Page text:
When the Blues open their conference semifinal Wednesday night in St. Louis, they hope to take advantage of some inside information to solve Rinne. Carter Hutton backed up Rinne the past three seasons in Nashville, and the two remain close friends. That friendship is about to take a timeout for the duration of this series.
“He’s one of those guys that he’s a streaky goalie at the same time, so I think we have to do a good job of getting traffic and getting in there,” Hutton said. “But it’s going to be a battle of the goalies. We’ve got two of the best going at it here.”
Allen ranks just behind Rinne this postseason with a 1.47 goals-against average and .956 save percentage in leading the Blues over Minnesota in five games in the first round.
“He’s been our playoff MVP so far,” Hutton said of Allen.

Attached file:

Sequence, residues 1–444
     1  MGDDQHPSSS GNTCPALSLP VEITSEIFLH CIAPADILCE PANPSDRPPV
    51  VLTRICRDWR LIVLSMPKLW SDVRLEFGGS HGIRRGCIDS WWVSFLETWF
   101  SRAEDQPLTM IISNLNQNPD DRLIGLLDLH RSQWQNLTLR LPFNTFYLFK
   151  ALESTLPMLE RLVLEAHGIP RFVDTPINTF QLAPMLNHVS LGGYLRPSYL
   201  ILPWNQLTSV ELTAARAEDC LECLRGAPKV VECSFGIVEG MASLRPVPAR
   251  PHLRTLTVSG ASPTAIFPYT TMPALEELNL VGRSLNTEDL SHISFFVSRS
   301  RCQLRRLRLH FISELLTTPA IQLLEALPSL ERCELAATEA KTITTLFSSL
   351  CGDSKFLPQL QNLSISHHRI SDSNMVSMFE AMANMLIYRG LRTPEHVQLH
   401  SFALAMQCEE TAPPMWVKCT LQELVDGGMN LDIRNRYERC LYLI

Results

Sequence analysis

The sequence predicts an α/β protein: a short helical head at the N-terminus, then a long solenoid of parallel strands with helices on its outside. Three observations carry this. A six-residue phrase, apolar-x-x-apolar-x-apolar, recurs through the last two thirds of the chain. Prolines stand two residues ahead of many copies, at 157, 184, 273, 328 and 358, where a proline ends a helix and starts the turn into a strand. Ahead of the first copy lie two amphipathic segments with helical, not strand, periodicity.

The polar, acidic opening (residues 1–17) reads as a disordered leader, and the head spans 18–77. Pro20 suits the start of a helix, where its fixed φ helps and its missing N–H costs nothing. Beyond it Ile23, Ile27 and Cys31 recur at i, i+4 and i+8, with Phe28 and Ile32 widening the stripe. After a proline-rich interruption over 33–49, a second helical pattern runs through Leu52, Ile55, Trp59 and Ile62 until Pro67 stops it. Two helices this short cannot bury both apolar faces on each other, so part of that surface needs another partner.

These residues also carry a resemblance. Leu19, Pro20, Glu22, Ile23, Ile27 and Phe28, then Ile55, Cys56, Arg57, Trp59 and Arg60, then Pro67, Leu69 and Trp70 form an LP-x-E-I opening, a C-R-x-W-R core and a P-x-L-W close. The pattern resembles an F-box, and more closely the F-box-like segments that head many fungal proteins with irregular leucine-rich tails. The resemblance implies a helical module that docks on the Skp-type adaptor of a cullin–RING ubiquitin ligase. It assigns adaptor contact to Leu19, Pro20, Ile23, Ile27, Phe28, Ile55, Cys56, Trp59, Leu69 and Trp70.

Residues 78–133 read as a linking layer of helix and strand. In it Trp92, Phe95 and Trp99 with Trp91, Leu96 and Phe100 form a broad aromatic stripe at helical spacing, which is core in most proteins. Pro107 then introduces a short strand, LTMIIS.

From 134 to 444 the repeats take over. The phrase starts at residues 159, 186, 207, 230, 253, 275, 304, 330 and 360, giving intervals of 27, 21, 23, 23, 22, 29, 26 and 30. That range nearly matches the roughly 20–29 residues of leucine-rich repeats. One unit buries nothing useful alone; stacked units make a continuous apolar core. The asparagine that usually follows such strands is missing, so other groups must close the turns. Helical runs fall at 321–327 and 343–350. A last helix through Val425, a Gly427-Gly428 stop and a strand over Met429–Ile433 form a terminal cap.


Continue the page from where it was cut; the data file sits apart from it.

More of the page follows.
Read more: A remarkable turnaround for Jake Allen
There was a changing of the guard in Montreal on Wednesday, as veteran assistant bench boss Clement Jodoin resigned from the club.
“Marc Bergevin and I regretfully accepted the resignation of assistant coach Clement Jodoin, who made the decision to end his long-time association with the Montreal Canadiens,” head coach Claude Julien said in a release. “At our post-season meeting, we offered Clement to remain on our coaching staff, but he indicated to us that at this stage in his career, he would be looking for a change and would like to explore other challenges.”
Jodoin, 65, first caught on with the Canadiens in 1997 as an assistant under then-head coach Alain Vigneault. He spent six years with the club until returning to coach junior hockey in the Quebec League.
In 2011, he returned to the Habs organization as the head coach of their AHL affiliate in Hamilton. One year later, he was back in the bigs in a familiar role — as Montreal’s assistant coach, working alongside Michel Therrien.
Montreal had no immediate word on who will replace Jodoin on Julien’s staff.